The notion of the gospel writers creating their material is extremely bothersome to many Christians. And yet the church’s acceptance of four distinctly different gospels makes clear that its concern at the time was not for journalistic or historical accuracy. Indeed the gospels themselves imply or say outright that their purpose in telling their stories is to proclaim the gospel and create faith, not report events. What is often missed today, however, is that the gospel writers did not create out of thin air. Rather, they followed the ancient and biblical tradition of creating new stories out of old. In doing so, they connected their work with the scriptural quilt that had been evolving over the centuries. They intentionally wove their stories into the greater narrative of God’s people.

There usually are multiple influences in any biblical composition but often one will stand out. In this case the tradition Luke clearly has in mind is the cycle of Elijah/Elisha stories, in particular the account of the passing of the mantle (literally) from the latter to the former. The key passage is 2 Kings 2: 9-11. Elisha knows his teacher Elijah is about to be “taken away” and that he will be assuming his responsibilities. As the moment nears Elisha decides to ask for help.

9When they had crossed [the Jordan], Elijah said to Elisha, "Tell me what I may do for you, before I am taken from you." Elisha said, "Please let me inherit a double share of your spirit." 10He responded, "You have asked a hard thing; yet, if you see me as I am being taken from you, it will be granted you; if not, it will not." 11As they continued walking and talking, a chariot of fire and horses of fire separated the two of them, and Elijah ascended in a whirlwind into heaven.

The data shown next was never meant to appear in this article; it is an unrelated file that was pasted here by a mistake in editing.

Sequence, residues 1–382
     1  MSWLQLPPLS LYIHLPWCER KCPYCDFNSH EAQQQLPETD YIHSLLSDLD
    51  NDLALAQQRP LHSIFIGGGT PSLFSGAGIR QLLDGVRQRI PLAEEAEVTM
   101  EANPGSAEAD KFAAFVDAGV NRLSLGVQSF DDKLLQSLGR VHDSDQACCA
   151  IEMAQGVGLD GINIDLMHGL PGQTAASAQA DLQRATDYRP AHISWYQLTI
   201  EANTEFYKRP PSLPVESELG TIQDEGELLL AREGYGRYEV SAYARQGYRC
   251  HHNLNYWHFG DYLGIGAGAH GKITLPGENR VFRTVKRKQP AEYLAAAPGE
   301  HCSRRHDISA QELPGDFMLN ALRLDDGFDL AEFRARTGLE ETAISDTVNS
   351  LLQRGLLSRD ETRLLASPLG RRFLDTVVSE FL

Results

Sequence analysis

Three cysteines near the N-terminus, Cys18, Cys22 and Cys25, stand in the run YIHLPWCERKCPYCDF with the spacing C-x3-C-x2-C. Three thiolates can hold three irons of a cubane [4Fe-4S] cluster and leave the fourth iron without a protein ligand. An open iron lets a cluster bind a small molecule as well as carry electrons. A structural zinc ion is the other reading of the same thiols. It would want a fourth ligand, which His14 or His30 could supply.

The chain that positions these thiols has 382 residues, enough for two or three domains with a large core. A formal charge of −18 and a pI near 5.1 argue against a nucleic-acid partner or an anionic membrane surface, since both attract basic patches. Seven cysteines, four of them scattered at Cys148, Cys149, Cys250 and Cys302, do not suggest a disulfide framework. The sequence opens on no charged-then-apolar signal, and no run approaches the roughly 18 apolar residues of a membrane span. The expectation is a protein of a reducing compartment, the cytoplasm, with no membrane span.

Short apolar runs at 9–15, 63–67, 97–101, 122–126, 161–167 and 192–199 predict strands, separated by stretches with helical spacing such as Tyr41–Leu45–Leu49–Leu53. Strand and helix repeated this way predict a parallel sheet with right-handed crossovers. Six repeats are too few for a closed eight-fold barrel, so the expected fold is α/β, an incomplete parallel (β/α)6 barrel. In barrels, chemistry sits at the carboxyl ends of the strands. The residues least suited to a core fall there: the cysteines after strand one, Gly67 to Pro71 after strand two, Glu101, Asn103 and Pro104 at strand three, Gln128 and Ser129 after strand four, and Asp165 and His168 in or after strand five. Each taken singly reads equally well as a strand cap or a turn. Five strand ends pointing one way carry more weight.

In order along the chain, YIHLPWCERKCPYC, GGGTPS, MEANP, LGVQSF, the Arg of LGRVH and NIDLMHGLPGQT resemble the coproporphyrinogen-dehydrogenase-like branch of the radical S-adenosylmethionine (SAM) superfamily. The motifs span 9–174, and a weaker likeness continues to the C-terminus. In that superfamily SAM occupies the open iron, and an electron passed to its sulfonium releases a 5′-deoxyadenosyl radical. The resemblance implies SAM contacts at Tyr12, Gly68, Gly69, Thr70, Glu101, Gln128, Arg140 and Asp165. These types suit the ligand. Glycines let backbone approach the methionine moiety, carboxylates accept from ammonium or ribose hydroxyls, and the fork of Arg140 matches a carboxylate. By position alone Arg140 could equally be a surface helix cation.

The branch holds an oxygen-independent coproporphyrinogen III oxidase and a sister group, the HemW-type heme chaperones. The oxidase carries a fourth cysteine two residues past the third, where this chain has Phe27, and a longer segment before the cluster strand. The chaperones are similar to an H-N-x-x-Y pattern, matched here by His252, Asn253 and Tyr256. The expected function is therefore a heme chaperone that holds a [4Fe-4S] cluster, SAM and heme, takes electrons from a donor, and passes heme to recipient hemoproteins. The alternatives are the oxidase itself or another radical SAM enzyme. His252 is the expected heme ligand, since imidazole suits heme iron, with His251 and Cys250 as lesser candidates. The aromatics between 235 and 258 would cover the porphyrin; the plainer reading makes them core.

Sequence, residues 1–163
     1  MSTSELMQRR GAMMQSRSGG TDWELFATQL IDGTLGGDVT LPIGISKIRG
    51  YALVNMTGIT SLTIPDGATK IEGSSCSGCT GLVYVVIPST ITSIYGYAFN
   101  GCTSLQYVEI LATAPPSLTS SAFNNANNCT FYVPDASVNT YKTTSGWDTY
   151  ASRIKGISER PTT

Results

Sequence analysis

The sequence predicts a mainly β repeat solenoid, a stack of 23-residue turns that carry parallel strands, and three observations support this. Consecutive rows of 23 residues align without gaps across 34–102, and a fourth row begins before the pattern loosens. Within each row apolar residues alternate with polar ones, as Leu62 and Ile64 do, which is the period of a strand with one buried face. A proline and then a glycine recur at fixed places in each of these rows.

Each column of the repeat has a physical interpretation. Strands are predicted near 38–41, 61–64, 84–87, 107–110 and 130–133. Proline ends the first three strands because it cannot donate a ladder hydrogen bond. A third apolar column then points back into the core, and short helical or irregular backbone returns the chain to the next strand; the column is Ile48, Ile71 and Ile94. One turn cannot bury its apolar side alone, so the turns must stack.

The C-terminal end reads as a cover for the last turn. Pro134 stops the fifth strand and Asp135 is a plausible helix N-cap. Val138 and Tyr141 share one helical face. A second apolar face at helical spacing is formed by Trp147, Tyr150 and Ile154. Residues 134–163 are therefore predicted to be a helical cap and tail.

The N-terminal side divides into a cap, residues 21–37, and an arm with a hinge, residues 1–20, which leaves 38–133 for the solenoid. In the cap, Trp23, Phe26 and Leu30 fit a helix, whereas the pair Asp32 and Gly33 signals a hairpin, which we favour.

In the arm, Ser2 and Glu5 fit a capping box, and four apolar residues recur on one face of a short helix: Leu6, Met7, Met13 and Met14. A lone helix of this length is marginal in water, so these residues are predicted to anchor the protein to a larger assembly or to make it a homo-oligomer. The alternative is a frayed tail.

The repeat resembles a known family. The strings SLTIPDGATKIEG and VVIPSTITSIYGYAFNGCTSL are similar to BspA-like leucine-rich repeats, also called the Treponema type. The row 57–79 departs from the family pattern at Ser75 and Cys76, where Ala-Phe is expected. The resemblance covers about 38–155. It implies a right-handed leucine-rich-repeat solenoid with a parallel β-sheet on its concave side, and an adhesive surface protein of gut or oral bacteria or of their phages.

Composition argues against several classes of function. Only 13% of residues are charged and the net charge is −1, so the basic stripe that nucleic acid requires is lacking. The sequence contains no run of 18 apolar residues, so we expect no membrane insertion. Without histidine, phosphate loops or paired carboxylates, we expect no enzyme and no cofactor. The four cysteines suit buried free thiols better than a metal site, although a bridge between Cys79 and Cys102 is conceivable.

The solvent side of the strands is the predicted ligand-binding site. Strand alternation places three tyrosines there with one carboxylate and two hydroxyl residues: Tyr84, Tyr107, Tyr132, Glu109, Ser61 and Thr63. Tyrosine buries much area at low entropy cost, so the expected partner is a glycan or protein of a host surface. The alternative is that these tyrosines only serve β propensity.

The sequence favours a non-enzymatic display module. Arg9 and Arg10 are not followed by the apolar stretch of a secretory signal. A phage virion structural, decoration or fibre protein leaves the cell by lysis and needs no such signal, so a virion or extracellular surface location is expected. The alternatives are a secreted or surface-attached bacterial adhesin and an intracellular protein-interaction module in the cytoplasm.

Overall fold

Elijah wails in mourning. Nonetheless he takes up the mantle Elijah dropped and repeats Elijah’s miracle of parting the waters (a connection back to the Moses tradition). Elisha is ready to carry on the mission.

The parallels with Acts are pretty obvious and, as a result, so is Luke’s underlying message. Jesus, like Elijah, is taken up into heaven as the disciples watch. Their experience of Jesus’ ascension is the confirmation that, like Elisha, they will now inherit the spirit that has empowered Jesus. Luke is not a copycat, however, and so creates his own dramatic confirmation of this promise in the Pentecost story of the next chapter. Here is where the fire and whirlwind of Elijah’s ascent appear, as a “violent” wind/spirit fans the flames burning above the disciples’ heads. Subsequent events confirm the disciples are indeed on fire with the spirit and gospel message of Jesus. This is where Jesus has really gone: into the lives of his disciples.

Did Jesus ascend into heaven before the disciples’ eyes? No. Did any of the events in the Ascension/Pentecost narrative actually occur? Probably not, but who knows? Certainly Luke didn’t know, living more than a half-century (and a devastating war) after the time he is depicting. Increasingly scholars are recognizing Acts as fitting quite well into the style and form of the ancient novella. It doesn’t fit well at all as a work of journalism or history.

In the ascension story Luke has a theological message he is trying to convey. Whether these things actually happened is an obsession of ours and was irrelevant to Luke’s intent in including them (or creating them). The story is the work of a great theologian, not an investigative reporter. When we insist “this must have happened” because it’s in the Bible, we miss Luke’s whole purpose in writing and for many contemporary readers cause it to have the exact opposite affect Luke intended: it doesn’t create faith but drains it away.